September 02, 2011

At the same time, external forces continue to exert pressure with organizational change (M&A, restructuring, etc.), demanding flexibility in systems that support financial organizations. And the unknown outcomes of various regulatory changes (the impact of the Dodd-Frank Bill) mean that banks' departments have to architect to support perpetual change. And here's the rub: this all has to happen in a way that can handle very high volumes, which demands high performance. Big Data demands processing in an acceptable period, but this must be for the complete end-to-end process, from data collection to the completed analysis/reports. Without the ability to quickly standardize and process in real applications to support data analysis, banks that are slow to adapt to the new realities of Big Data will be left behind as forward-looking organizations secure a competitive advantage.

Information in Action

The challenge is therefore not the analysis, insight and mining -- it is "actioning"the data within business operations to drive sustainable value and a leading market position. Banks have traditionally run their businesses in silos -- by product, by acquisition, by geography, etc. So there's a built-in challenge to integrate and standardize information held within each silo across global organizations.

One could argue that most banks still lack the application assets necessary to exploit big data: they might not have the analytic staff that is traditionally best equipped to drive insights from information. And of course there's the reality that many banks are saddled with legacy infrastructure that makes the exploitation of customer data (transactions, products, balances, risk profiles, location, demographic, segmentation, costs etc.) very difficult.

In order to put information into action without expanding departments to handle manual processes, banks need to create data and process transparency, enable experimentation and replace some human decision-making with executable models and rules. That's right: when it comes to Big Data, people simply can't make smart decisions about massive volumes of data without systems and technologies in place that manage the processes by which that data reaches those humans. Never was the expression, "I can't see the forest for the trees,"more appropriate.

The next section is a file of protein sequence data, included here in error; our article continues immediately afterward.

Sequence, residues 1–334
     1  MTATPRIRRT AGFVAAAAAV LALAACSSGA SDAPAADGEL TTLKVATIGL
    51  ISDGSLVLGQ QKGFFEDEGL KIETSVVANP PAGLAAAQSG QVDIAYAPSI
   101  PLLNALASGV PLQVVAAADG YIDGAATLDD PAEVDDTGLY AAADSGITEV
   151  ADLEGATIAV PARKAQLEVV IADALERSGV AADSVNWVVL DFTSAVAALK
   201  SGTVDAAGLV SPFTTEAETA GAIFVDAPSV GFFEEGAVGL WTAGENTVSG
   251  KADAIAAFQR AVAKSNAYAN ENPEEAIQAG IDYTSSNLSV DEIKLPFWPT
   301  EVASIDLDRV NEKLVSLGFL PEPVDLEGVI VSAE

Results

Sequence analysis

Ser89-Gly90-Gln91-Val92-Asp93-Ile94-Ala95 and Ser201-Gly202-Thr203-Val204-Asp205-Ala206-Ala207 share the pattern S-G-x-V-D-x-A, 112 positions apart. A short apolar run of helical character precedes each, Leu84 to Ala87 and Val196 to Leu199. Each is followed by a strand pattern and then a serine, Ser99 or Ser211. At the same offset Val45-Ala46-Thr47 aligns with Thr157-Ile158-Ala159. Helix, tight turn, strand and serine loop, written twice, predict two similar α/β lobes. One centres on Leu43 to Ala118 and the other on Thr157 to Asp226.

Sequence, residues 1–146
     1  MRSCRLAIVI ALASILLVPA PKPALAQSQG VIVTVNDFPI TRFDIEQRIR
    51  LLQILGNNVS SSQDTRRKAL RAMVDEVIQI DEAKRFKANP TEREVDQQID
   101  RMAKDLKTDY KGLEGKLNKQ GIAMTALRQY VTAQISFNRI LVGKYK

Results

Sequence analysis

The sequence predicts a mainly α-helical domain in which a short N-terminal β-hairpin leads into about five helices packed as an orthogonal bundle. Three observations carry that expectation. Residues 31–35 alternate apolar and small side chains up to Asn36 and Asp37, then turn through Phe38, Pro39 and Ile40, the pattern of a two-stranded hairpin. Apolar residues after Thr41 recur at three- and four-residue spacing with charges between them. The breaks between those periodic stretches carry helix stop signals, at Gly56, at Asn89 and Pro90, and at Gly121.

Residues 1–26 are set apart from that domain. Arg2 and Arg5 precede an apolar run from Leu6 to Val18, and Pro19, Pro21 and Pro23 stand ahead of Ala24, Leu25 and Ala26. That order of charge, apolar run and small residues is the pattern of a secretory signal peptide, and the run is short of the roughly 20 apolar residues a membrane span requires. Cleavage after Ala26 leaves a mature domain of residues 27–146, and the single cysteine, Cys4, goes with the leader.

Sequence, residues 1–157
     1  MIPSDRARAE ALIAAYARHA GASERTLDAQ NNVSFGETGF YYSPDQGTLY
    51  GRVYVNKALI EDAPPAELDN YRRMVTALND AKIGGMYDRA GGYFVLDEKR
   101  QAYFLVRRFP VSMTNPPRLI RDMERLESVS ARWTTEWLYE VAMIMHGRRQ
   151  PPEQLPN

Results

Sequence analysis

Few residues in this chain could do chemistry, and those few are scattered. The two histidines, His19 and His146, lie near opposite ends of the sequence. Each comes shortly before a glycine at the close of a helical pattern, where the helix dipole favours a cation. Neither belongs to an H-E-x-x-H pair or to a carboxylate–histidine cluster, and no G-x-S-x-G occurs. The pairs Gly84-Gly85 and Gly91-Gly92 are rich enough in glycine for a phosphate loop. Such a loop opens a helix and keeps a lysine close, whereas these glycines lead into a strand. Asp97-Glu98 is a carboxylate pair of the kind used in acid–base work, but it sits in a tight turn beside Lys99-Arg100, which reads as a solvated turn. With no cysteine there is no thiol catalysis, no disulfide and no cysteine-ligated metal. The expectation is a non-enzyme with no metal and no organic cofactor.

Banks also face pressure to innovate products and deliver new business models and services, which means that data has to be sophisticated. It must be used to analyze variability in performance so that business users within banks can discern root cause and effect of customers' decisions. When banks successfully enable this ability, their leaders can manage performance to higher levels.

This might mean adopting a powerful allocations system to attribute revenue to products, marketing drivers, branches and customers. This kind of system then lets the organization allocate granular costs to all the dimensions to get a true picture of customer and product profitability so 'what if' questions about profit drivers can be answered and business rules and processes can be changed and tailored to improve service and profit.

A Holistic Approach

When dealing with the challenges of Big Data, most banks are forced to use multiple products from a variety of vendors. But most solution stacks have significant gaps, requiring the use of a set of disparate technologies. This results in a systems landscape that is opaque, complex, rigid and very costly to maintain.

Accepting this fragmented software stack, banks need to look at enabling technologies that can work with its existing technologies and applications landscape. To ensure that strategy delivers value, IT and business decision-makers need to collaborate on a holistic approach to Big Data.

The best solutions are not always the most obvious. Great systems deliver immediate value to the business while measuring up to the standards of the IT team. Adopting solutions that put Big Data into action will help close the gap between business and IT users while creating competitive advantage for those banks with clear enough vision to see the big picture.

Martin Redington is the senior vice president of product management at Microgen, an Enterprise Application Platform (EAP) provider that helps the world's largest banks and other global organizations solve the challenges associated with Big Data. Prior to Microgen, Mr. Redington ran the consulting services at OST Business Rules, which Microgen acquired in 2002. He has more than 20 years of experience in managing mission-critical projects with tight deadlines and budgets; 12 of these years have been related to business rules and enterprise application platform technologies.